and Murdoch owns almost 20% of Rotana, the prince’s privately held Arab media conglomerate±
Al Waleed bin Talal’s company is headquartered in Bahrain, an island nation in the Persian Gulf±
Rotana operates a number of free-to-air television channels, owns the largest record label in the
Arab world, and controls more than 40% of the region’s movie production and distribution±
Whatever Murdoch’s ultimate fate, Fox should never be short of funding± Prince Al Waleed
bin Talal is the richest man in the Middle East and worth more than $30 billion± He is also
the controversial Saudi prince who published this statement only days a³er 9/11:
“At times like these, we must address some of the issues that led to such a criminal attack.
I believe the government of the United States should reexamine its policies in the Middle East
and adopt a more balanced stance toward the Palestinian cause.”
Simultaneously, the prince gave a $10 million check to Rudy Giuliani, who was then the mayor
of New York± “America’s mayor” returned the gi³ intended for his city± It was hard for Giuliani,
or anyone else, to find much loyalty to America in the Saudi prince’s statement about 9/11
.
Al Waleed bin Talal is also a major shareholder in the SRMG, the largest media company in
the Middle East, and is generally considered the most influential Arab in the world
.
Unusual shareholders
Suffice to say, Murdoch and Prince Al Waleed bin Talal are not exactly Norman Rockwell
material, and make an odd couple as Fox’s largest shareholders± Roger Ailes continues to be
a truly gi³ed marketeer and runs a tight ship, so the Fox News Channel should remain a
strong force in carefully targeted news and conservative politics for the foreseeable future±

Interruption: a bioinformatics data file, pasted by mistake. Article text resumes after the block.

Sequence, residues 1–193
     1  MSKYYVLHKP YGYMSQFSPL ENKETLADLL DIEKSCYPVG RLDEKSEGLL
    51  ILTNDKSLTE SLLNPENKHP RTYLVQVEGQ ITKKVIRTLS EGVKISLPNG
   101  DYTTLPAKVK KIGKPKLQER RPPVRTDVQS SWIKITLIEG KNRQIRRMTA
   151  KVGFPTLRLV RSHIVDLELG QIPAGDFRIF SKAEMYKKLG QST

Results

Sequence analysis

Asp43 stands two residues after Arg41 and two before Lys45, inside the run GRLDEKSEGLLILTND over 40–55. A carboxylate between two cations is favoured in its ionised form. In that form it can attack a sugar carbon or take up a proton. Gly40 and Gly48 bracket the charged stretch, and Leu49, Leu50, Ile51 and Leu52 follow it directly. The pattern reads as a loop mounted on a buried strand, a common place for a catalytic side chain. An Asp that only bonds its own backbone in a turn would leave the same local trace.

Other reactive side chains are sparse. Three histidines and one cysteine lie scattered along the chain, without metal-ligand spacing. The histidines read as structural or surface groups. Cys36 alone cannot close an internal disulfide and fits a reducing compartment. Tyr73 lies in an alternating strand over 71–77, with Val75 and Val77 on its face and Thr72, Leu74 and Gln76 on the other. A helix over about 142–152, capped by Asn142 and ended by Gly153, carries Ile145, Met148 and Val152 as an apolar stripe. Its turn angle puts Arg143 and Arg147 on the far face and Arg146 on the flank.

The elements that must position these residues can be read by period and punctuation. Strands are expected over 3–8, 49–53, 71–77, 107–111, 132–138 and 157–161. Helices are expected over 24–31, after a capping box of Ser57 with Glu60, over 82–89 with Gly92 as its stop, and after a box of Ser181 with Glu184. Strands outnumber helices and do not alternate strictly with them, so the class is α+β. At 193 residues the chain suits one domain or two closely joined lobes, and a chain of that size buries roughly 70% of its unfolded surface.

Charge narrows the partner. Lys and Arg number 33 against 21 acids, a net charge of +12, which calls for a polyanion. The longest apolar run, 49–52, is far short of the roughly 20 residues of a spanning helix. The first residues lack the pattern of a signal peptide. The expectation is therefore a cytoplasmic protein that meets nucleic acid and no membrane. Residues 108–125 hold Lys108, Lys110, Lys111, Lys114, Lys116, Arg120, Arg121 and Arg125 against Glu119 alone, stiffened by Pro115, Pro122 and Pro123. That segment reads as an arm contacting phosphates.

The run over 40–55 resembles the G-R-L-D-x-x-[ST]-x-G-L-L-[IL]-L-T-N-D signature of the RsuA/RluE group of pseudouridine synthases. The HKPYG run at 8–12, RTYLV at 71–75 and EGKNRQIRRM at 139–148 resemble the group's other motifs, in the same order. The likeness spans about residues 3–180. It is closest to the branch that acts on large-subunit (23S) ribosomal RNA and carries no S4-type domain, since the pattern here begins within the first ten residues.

²e “most fair and balanced news in America” now runs deep in the boomer psyche±
n
Roger Ailes, President, Fox News
Rupert Murdoch
Prince Al Waleed bin Talal
FOX
NEWS
Channel
News Corporation also controls more than 130 subsidiaries in nations identified as
international tax havens by the U±S± Government Accountability Office, including companies
in Panama, the Cayman Islands, the Channel Islands, and the Virgin Islands± It has been
widely reported that Fox News Corporation’s average annual tax rate is less than 15%± News
Corps’ brand of tax avoidance is not unique among large corporations, but the practice reeks
of hypocrisy when compared to the patriotic rhetoric of Fox News commentators±
It’s safe to say that Rupert Murdoch and his son, James Murdoch, are much more concerned
with profit than any particular ideology or philosophy± For instance, the Murdochs invested
$70 million in Vice Media through 21st Century Fox± Vice Media produces an edgy stream of
“immersion style” stories that are essentially the antithesis of traditional journalism, and
sponsored
Denis Rodman’s junket to North Korea to visit Supreme Leader Kim Jon Un± During
this particular trip, Rodman took along NBA players and was promoting a basketball game
with the North Korean national team± Vice Media and Rodman hosted a reception at Kim Jon
Un’s house±
Vice Media co-founder and CEO Shane Smith summed up his own philosophy as follows:
“We are not trying to say anything in a paradigmatic ‘leF’ or ‘right’ way, because …
I think both
sides are horrific. And it doesn’t matter anyway. Money runs America; money runs everywhere.”
Shane Smith and the Murdochs make interesting bedfellows±
It is also interesting to note that Rupert Murdoch did not become an American citizen until his
mid-50s, for legal and business reasons± U±S± law requires that anyone who owns substantial
domestic media outlets be a citizen – Murdoch’s U±S± citizenship allowed him to control a worldwide
media empire± Some years ago, he purchased
Te
Wall Street Journal
, one of America’s oldest and
most influential newspapers± Murdoch’s conservative influence on the
WSJ
has steadily become
more apparent± It could be argued that Murdoch is among the most powerful men in the world±
During the past 15 years, Fox News has helped to foster, shape and guide the most conservative
wing of the Republican Party
.
Murdoch’s Juggernaut May Be Losing Steam
In 2012, Murdock testified under oath in the United Kingdom about his “personal knowledge” of
his companies’ illegal hacking of private and government voicemails± Maybe the 80-year-old was
“forgetful” that day, or maybe the widespread phone-hacking practice simply “escaped his
attention,” but in any event he claimed to have “no knowledge” of illegal activities± Just the same,
he later resigned as a director of News International, amid joint investigations by the British
government and the FBI into possible bribery and/or corruption± As I write this, Murdoch has
been in the news again, trying to buy a major rival, Time Warner, with a bid of $75 billion±
I’m
skeptical that he’ll succeed in his takeover attempt, but his appetite for control of all media is
mind-boggling±